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284–6). Thus James allowed himself to be persuaded to leave Paris in October 1650 for Holland, against his mother's desire. The Princess of Orange declining to receive him, he spent some time at Brussels and in the queen of Bohemia's house at Rhenen, in great want of money, while his followers talked of a futile project for a match with a natural daughter of the Duke of Lorraine. In January 1651 he was received at the Hague, and remained there and at Breda till peremptorily summoned back to Paris by Charles. At Paris the queen received him about the end of June, ‘without reproaches’ (Clarendon, Rebellion, vi. 471–84; cf. Life, pp. 48–51).

After Worcester the royal cause seemed hopeless, and the ‘sweet Duke of York’ (Evelyn, Correspondence, iv. 344) was eager to provide for himself. Berkeley vainly suggested a match with the only daughter and heiress of the Duke of Longueville (Life, i. 54; cf. Clarendon, Rebellion, pp. 588–92). James now resolved to take service in the French army as a volunteer. Accompanied only by Berkeley, Colonel Worden, and a few servants, the duke joined Turenne's army at Chartres, 24 April 1652. James has himself lucidly described the campaign against the Fronde which ensued (Life, i. 64–157). He was for a time in personal attendance upon Turenne; and on the capture of Bar-le-Duc (December), Mazarin allowed him to incorporate in the ‘regiment of York’ under his command an Irish regiment taken from the Duke of Lorraine. At the close of the campaign James returned to Paris (February 1653). In June 1653 he eagerly entered on his second campaign under Turenne, against Spain and Lorraine as the allies of Condé. At the siege of Mousson he was nearly killed; but he soon returned with the court from Châlons-sur-Marne to Paris (December), ‘full of reputation and honour’ (Hyde to Browne in Evelyn, Correspondence, iv. 298; cf. Life, i. 159–91). In 1654 and 1655 James joined Turenne's army as lieutenant-general, and was left in command of the army at the time of the conclusion of the treaty with Cromwell, which provided for the removal of the English royal family from France. Mazarin was anxious to obviate the loss of the Irish troops in the French service, and accordingly arrived at an understanding with the Protector which enabled James to become captain-general under the Duke of Modena over the forces of the French and their allies in Piedmont (ib. pp. 245–266; cf. Clarendon, Rebellion, vii. 229–30). Charles, however, refused his brother's request to remain in the French service. Their mutual jealousy had been fomented by rival factions among the duke's household, headed by Berkeley and Sir Henry Bennett. James obeyed his brother's summons, but against his express desire brought Berkeley with him to Bruges. A serious misunderstanding was removed with the aid of the Princess of Orange in January 1657; and, in defiance of the queen-mother's faction, James took service under the Spanish crown (Life, i. 275–97).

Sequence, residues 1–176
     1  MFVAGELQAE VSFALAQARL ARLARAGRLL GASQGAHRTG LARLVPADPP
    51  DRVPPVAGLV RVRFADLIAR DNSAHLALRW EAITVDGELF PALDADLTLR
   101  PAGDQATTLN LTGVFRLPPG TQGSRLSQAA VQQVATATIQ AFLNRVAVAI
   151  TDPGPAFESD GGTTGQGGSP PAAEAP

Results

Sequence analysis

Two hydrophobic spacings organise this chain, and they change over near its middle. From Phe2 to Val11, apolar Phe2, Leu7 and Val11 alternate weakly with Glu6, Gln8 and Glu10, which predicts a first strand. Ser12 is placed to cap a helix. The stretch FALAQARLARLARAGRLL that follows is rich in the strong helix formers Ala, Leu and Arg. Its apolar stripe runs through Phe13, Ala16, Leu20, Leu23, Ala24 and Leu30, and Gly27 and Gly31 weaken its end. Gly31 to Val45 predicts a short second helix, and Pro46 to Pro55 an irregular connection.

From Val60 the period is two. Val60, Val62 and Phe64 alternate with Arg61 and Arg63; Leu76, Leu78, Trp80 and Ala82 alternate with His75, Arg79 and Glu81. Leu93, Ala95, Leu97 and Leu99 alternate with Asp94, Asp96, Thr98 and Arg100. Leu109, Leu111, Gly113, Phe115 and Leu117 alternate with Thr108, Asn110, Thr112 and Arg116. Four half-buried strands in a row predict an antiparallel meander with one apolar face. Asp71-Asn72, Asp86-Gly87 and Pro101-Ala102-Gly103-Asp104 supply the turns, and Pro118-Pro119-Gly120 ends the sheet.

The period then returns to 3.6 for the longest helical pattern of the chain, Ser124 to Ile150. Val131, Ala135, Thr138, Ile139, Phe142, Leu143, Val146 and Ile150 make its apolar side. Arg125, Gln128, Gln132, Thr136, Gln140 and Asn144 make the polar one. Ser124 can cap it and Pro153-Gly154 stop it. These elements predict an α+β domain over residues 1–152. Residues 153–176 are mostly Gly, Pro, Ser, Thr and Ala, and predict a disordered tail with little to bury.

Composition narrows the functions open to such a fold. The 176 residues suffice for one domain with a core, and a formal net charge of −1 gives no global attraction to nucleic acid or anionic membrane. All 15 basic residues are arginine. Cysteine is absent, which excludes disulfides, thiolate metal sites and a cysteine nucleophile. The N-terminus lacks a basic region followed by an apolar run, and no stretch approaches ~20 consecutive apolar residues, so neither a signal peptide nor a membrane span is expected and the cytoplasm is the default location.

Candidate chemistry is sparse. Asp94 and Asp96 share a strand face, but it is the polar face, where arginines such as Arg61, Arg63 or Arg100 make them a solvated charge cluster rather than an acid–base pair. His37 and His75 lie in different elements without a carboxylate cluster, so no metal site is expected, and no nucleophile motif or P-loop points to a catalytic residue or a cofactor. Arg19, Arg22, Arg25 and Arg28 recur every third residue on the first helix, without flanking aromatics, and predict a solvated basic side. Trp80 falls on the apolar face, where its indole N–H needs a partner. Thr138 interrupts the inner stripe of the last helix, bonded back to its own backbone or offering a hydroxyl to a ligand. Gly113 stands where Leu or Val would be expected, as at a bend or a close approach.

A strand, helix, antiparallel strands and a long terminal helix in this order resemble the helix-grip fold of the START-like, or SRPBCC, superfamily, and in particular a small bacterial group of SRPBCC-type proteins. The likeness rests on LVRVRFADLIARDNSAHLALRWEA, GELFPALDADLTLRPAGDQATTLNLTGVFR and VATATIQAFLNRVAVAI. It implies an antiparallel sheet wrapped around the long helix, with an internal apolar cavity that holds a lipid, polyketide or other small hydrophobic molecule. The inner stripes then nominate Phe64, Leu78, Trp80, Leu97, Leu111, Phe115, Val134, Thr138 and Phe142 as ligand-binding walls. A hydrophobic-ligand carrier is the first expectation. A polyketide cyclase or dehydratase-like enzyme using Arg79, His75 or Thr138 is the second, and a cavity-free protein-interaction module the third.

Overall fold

When in the same year he joined the Spanish forces in Flanders, he claims to have stood at the head of a contingent of two thousand of his brother's subjects ‘drawn out of France.’ A project to surprise Calais failed, and the siege of Ardres, in which James took part with his younger brother, was raised. James's exposure of himself at the siege met with Don John's disapproval. James's dissatisfaction with the stolid inactivity of the Spaniards increased during the successful siege of Mardyke by the French and English. Before the Spanish army went into winter quarters, January 1658, he had an interview with the English commander, Reynolds, which aroused grave suspicions in Cromwell (ib. i. 297–329). After the fall of Dunkirk, in June, James was put in command of Nieuport. Here he received the news of Oliver's death, and speedily quitted the army for Brussels and Breda (ib. i. 334–68; Clarendon, Rebellion vii. 284; Pepys, ii. 481–2).

On the news of the rising of Sir George Booth in Cheshire (August 1659), James hastened to Boulogne, where he remained, in a very hazardous incognito, in correspondence with his elder brother at Calais. At Amiens he entered into a negotiation with Turenne, who was eager to command an expedition to England for the restoration of Charles; but on the news of Booth's defeat James returned to Brussels (Life, i. 378–9), and probably soon afterwards refused an offer made to him by the Spanish government of the post of high admiral, with the command against Portugal (ib. i. 381). Clarendon adds that the acceptance of this offer would have involved James's becoming a catholic (Rebellion, vii. 363–4). At Breda, 24 Nov. 1659, he contracted, in sufficient time to legitimatise the eldest child afterwards born to them (Pepys, i. 362), a secret promise of marriage with Anne, daughter of Sir Edward Hyde [see Hyde, Anne].

A few days before he and Charles sailed for England, James received a gift of seventy-five thousand guilders from the States of Holland (Sir Stephen Fox, pp. 83–4, cf. ib. pp. 53, 62), as well as another of 10,000l. brought by the committee of the lords and commons. He was named lord high admiral